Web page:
As we move closer to the commercialisation of our catalyst technologies, the downstream process development and transfer of our systems from the lab to plant scales are a vital step in helping our customers to realise the full potential of incorporating waste CO2 into their polyol and downstream plastics applications.
Get in touch to find out how we can help turn waste CO2 into added value for your business.
Author, Anthea Blackburn
Happy birthday to the UK’s first customer demonstration facility! 28 03 2019
It has been a year since we opened the doors to our customer demonstration facility in Runcorn – the very first of its kind in the UK – to demonstrate how our pioneering catalyst technology can create polyols using waste CO2. It would be safe to say that, in this time, a fantastic buzz has sprung up around the plant, not just from our fellow members of The Heath, but from across the plastics industry.
So far, we’ve had visits from 60 leading global companies within the polyurethane industry, as well as Andy Burnham and Steve Rotherham, the Metro Mayors of Manchester and Liverpool. The team of 7 at the facility has been busy producing polyol samples for all of the interested parties, who are testing the added value that our technology will incorporate into their own downstream polyurethane applications – everything from CO2-based insulation foams, to coatings and elastomers.
Over the course of the year, activity at the plant has helped our pioneering catalyst technology move out of the lab and onto the factory floor, demonstrating the huge economic and positive potential of CO2 for manufacturers.
Importantly for polyurethane producers, our facility uses a conventional reactor design and widely-available downstream technology, which shows just how readily existing plants can be retrofitted to use our catalyst. But unlike existing plants, our facility enables manufacturers to create CO2-containing polyols at lower pressures and temperatures, which not only allows for much safer operation, but also leads to significant cost savings. Producing everyday goods from CO2 may have once sounded like science fiction, but our facility has demonstrated that it is now science fact.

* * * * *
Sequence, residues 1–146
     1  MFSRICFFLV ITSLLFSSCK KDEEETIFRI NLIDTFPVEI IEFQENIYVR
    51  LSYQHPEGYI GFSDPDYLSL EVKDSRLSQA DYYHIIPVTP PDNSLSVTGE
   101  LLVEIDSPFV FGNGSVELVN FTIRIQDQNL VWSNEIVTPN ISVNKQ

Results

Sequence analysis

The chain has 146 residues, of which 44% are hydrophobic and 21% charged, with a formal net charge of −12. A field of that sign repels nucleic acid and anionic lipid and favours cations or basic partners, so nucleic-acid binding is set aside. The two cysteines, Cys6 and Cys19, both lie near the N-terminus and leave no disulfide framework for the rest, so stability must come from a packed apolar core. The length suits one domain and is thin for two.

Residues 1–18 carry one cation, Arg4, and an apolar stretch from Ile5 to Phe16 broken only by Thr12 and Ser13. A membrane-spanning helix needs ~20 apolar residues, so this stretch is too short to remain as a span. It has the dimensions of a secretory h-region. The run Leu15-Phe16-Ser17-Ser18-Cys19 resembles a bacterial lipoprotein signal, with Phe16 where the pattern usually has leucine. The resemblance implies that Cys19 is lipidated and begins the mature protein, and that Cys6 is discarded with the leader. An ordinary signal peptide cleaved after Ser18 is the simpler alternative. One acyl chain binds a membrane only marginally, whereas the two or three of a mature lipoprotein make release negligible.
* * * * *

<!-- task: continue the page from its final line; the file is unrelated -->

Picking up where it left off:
In the coming months, the facility will continue to fire on all cylinders. We look forward to welcoming more customers to the facility to further demonstrate the economic, environmental and product potential of our catalyst technology and how easily the use of waste CO2 as a raw material can be adopted, and its advantages realised by the polyurethane industry.
Happy birthday, customer demonstration facility! Here’s to another fantastic year ahead.
Get in touch to learn more about our Customer Demonstration Facility and to find out how we can help turn waste CO2 into added value for your business.
Gemma is one of our most recent additions to the Econic team, having studied at Imperial College London and the University of Oxford and completing her PhD studies in 2018. Her graduate research focussed on the development of catalysts for copolymerisation processes and studying their mechanistic pathways. Being able to apply her analytical skills and to draw on her experience in reaction kinetics is now proving invaluable to her development and she has quickly become a great addition to our Process Development team.
The transition from academic to industrial research has provided Gemma with an interesting challenge, but the rewards that accompany working in a fast-paced and innovative young company far outstrip the challenges. “Working for a pioneering company like Econic with a creative and motivated team has not only enabled me to apply my skills to address a critical global problem, but also to see tangible results and process improvements quickly. Using state of the art equipment allows me to optimise our cutting-edge catalyst technology’s conditions and develop the best process for our customers. Every day is different with a new challenge to tackle, as we develop our technology to reach its full potential.”
As interest grows in the benefits that our catalyst technologies and waste CO2 can bring to the polyol industry, the Process Development team are instrumental to the optimisation of polyol synthesis and processing from laboratory to pilot scale. In addition to supporting our customers in the roll out of our catalyst technologies and processes, they are also key to the development of the next generations of processes that our catalyst technologies can enable at industrially relevant temperatures and pressures, as we realise the value and endless potential of waste CO2.
Get in touch to find out how we can help turn waste CO2 into added value for your business.
Author, Anthea Blackburn
Econic named 2019 Global Cleantech 100 company 29 01 2019